(18 June 2009: Lightly edited for clarity.)
The June 5 issue of Cell Stem Cells has a brief report describing the use of four proteins to reprogram human fibroblasts into induced pluripotent stem cells (iPSCs). I think this is a pretty important paper, as it dispenses with any sort of genetic manipulation of the target cells or any use of plasmids to insert new "control circuitry", or any chemical manipulation whatsoever.
As expected, it is getting easier to produce iPSCs, and the authors of the paper ("Generation of Human Induced Pluripotent Stem Cells by Direct Delivery of Reprogramming Proteins") note that their work demonstrates the elimination of "the potential risks associated with the use of viruses, DNA transfection, and potentially harmful chemicals and in the future could potentially provide a safe source of patient-specific cells for regenerative medicine".
Kim et al used four recombinant human proteins to turn human newborn fibroblast cells (purchased from ATCC -- see the Supplemental Data) into iPSCs, where each of the proteins was fused to a nine amino acid long "cell-penetrating peptide" (CPP) that facilitated the importation of the proteins across the cell membrane. The procedure was not particularly efficient, but after multiple treatments the authors produced cells that could differentiate into many different kinds of human tissues.
Here are a couple of thoughts about the paper. Note that in what follows I have only had a few sips of my first cup of coffee today, and my brain is still quite fuzzy, but I think I am mostly coherent. You can be the judge.
First, the authors did not use mature cells from adults, so don't expect this paper to lead to replacement organs and tissues tomorrow. The use of cells from newborns makes a great deal of sense for a first go at getting protein-based reprogramming to work, as those cells have already been demonstrated to be relatively easy to reprogram. The published procedure required many weeks of effort to produce iPSCs, and authors note that they have quite a ways to go before they can produce stem cells at the same efficiency as other techniques.
Nonetheless, it works.
Second, the paper describes PCR-based cloning of human genes to add the CPP sequences, along with a fair amount of bench manipulation to generate cells that made each of the four reprogramming proteins. All the sequences for those proteins are online, as are the sequences for the CPPs, so generating the corresponding genes by synthesis rather than cloning would now cost less than $10K, with delivery in 2-4 weeks. In another year, it will probably cost no more than $5K. (How long will it be before these proteins show up in the Registry of Standard Biology Parts?)
Third, the authors did not use purified reprogramming proteins to generate iPSCs, but rather used whole cell extracts from cells that produced those proteins. Thus the concentrations of the reprogramming proteins were limited to whatever was in the cell extract. This might critically affect the efficiency of the reprogramming. Presumably, the authors are already working on generating cultured cell lines to produced the reprogramming proteins in larger quantities. But if you wanted to do it yourself, it looks like you might "simply" have to order the appropriate sequences from Blue Heron already cloned into the human expression plasmid pCDNA3.1/myc-His A, which is available from Invitrogen. This would add a couple of hundred dollars to the cost because Blue Heron would have to play around with a proprietary plasmid instead of the public domain plasmids they usually use to ship genes. You would then follow the recipe from the Supplementary Data to transform a protein production cell line to make those proteins. Or perhaps you have a favorite recipe of your own. Here is something I don't get -- it looks like that particular expression plasmid adds a His tag to the end of the gene, so I don't understand why Kim et al didn't try a purification step, but maybe that is underway.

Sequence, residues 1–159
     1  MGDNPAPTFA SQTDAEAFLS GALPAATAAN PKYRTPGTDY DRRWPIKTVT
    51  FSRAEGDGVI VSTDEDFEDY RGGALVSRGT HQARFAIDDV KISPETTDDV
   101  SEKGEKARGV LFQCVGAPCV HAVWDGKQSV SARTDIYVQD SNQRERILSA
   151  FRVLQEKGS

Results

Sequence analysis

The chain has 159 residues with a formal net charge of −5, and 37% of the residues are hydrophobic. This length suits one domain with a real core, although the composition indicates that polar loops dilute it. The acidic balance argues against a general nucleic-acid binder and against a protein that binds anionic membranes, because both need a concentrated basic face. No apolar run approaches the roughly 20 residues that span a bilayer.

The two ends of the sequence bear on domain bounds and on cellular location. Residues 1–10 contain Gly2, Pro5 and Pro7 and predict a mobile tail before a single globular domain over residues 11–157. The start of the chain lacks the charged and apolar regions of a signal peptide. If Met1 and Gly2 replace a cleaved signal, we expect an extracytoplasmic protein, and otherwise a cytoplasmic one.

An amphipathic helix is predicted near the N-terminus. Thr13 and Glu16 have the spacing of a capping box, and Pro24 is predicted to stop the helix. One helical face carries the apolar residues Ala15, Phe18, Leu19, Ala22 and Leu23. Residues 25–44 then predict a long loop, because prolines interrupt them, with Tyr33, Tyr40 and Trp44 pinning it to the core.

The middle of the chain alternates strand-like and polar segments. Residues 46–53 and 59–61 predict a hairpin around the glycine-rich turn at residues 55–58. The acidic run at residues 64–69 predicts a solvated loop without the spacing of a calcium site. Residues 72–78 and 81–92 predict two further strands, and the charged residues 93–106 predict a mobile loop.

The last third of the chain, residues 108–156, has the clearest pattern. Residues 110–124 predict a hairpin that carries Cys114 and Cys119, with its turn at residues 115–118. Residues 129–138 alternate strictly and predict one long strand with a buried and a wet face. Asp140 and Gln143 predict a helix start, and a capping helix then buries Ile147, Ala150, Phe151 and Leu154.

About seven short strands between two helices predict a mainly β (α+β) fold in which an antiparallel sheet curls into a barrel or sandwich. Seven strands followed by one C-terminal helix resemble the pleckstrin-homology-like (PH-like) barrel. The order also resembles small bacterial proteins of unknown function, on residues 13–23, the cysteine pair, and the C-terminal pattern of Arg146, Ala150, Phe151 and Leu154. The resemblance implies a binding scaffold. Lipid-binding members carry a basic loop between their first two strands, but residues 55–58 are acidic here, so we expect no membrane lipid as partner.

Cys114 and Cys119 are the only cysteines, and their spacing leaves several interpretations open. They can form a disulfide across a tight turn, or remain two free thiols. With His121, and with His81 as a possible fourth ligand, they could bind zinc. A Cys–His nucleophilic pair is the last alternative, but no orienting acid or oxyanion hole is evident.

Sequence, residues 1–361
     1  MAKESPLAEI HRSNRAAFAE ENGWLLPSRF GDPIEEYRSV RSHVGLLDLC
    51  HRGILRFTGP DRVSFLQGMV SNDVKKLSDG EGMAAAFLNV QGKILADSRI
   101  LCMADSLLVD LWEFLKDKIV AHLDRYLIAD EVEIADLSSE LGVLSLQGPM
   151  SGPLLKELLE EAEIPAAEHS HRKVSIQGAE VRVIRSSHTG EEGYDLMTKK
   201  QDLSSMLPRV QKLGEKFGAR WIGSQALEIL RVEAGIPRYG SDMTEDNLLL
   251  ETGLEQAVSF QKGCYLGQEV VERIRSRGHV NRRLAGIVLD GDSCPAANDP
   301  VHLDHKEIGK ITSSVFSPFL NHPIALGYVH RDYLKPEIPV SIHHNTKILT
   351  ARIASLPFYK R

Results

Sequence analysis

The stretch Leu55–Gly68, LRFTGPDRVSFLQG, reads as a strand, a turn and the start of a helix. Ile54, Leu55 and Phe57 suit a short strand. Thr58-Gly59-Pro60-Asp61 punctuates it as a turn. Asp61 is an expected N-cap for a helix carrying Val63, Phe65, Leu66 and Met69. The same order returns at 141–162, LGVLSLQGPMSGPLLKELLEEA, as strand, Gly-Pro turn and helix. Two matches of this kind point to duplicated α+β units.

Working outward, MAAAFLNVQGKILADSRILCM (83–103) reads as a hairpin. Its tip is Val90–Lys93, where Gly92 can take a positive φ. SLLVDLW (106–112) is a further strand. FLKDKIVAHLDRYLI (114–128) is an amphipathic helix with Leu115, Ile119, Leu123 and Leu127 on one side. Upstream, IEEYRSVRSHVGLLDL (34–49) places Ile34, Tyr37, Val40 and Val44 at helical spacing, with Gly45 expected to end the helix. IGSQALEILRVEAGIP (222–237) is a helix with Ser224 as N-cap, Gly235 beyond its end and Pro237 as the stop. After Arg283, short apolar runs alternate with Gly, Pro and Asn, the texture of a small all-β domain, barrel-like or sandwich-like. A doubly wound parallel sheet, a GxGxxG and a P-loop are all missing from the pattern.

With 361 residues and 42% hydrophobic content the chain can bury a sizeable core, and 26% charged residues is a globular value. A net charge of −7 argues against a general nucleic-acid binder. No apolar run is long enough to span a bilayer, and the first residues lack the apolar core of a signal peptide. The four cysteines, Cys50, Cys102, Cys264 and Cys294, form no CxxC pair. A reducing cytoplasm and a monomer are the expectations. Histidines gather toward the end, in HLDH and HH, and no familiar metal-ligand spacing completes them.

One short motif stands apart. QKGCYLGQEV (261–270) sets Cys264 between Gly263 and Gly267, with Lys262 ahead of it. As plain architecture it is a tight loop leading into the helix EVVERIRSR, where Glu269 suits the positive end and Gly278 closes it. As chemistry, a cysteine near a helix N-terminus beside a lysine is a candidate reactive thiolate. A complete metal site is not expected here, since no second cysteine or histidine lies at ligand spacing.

Fourth, if you wanted to do this at home, you could. You should expect to fail many times. And then you should expect to fail some more. And then, assuming your human cell culture technique is up to snuff, you should expect to eventually succeed. You might want to wait until the inevitable paper showing how to do this with adult differentiated skin cells is published.
And then what?
You will have an autologous stem cell line that you can use to produce tissues that are, immunologically speaking, identical to those in your body. What should you do with them? I would suggest you show them off at cocktail parties, brag about them on Facebook, and then destroy them with bleach and an autoclave. In lieu of an autoclave a microwave would probably do just fine.
But I expect that at least some of you will try to follow a recipe to generate some sort of human tissue, or even to simply inject those cells in your own bodies, which will result in all kinds of crazy teratomas and other tumors. To quote Harold Ramus, "that would be bad". So don't do that. Just because DIYStemCells are cool doesn't mean you should actually use them yourself. But I know some of you will anyway. That is the future of biological technologies, for better or worse.